Under wraps

Paul Ingram is the Green Party representative on the STWC steering committee. He put an amendment to the leadership motion on the general elections that called for support only for anti-war/anti-occupation candidates. Afterwards he spoke to Mark Fischer about the controversy this sparked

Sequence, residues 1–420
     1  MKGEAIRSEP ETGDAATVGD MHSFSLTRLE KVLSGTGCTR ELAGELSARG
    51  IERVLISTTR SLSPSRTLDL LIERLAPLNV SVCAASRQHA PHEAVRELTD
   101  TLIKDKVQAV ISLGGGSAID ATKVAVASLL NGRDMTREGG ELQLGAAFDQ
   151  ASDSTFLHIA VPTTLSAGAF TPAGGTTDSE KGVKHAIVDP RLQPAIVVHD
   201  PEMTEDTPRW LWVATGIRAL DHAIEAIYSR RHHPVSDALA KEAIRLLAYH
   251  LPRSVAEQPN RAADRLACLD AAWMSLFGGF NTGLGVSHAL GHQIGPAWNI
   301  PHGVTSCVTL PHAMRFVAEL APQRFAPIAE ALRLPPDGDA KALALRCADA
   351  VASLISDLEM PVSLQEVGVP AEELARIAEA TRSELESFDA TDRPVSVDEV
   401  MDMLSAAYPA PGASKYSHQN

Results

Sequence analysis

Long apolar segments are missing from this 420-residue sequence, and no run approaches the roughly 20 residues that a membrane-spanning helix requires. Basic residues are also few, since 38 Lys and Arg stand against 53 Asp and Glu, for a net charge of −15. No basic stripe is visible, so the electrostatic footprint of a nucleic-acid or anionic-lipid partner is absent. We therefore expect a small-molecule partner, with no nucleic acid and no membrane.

Could you explain some of the background to the debate we saw at conference? The way decisions are reached on the steering committee lacks transparency. Effectively, the coalition is controlled by a small group of officers. These are 'elected' by the steering committee in the first meeting after the annual conference, but it hardly feels like a genuinely democratic process. The agenda for conference is set by the steering committee with guidance from these officers. They come up with the proposals and the key motions are drafted by them as suggestions. Quite often on this committee I find myself at loggerheads with the officers - that seems to be my role normally. But this time, on this issue, I actually found myself quite supportive of the original draft of their motion on the general election. They were originally proposing the words that I actually ended up moving as an amendment to annual conference - that the coalition urge people to vote for candidates who didn't support the war, who didn't back the occupation. You would have thought this was logical for an anti-war movement. I made the point in the conference debate that the STWC is a significant player on the British political scene. If it is not prepared to openly come out and call on people not to vote for candidates who explicitly oppose its central purpose as an organisation, then what is the point of it? At conference, I was keen to show that this was not solely a Green Party amendment - it was the original wording proposed by the STWC officers themselves. The perception that is was a Green amendment would have guaranteed its defeat, quite frankly. People don't see us as a 'kosher' brand of socialism. In particular, two people opposed me - one from Labour CND and the other a union activist - both on the steering committee and at the conference. Their essential argument appeared to be that we must have unity. As either members of the Labour Party or of trade unions affiliated to Labour, they would find themselves campaigning for their organisation's candidates, whether or not they supported the war. They felt it was unnecessary to urge people to cast their votes one way or another - just providing information was sufficient. The officers were persuaded of the 'unity' line because of this argument. But to go down this route of compromise with what are the core values of the coalition is wrong. To be charitable, perhaps they didn't see the importance of urging people to vote one way or another; that it was a minor question. I strongly disagree with that. The same 'unity' argument that appears to have swayed the SWP and other STWC officers could easily have been made by ourselves - ie, unless the amendment is passed then we will break away. To be honest, it is already a very difficult job to keep the Green Party on board the coalition. There is that level of dissatisfaction? No question. There are elements within the Green Party that are extremely unhappy with the approach of the STWC. All Green candidates in the forthcoming general election will be anti-war, anti-occupation. Yet we are alienated by the way the coalition is run and - quite blatantly - used for the sectarian agenda of a small organisation "¦ You mean Respect? Yes, previously the Socialist Workers Party, but now Respect. I really have to fight hard to keep my party in the coalition. For them not to pass the original, principled motion on the general election makes my job much harder. I think this tells us something about the SWP's method. For them numbers are the key. The nature of the politics you actually advocate is entirely secondary. Of course, tensions are inevitable in any alliance, but the point is to have such debates openly. But that appears to be an absolute anathema to them and their culture of work. They are obsessively concerned to keep things under wraps - under wraps is under control. And that is the key objective at the end of the day. But this approach is short-sighted and counterproductive in the long run - it is more likely to alienate people and produce splits than having a good, clean political debate in public.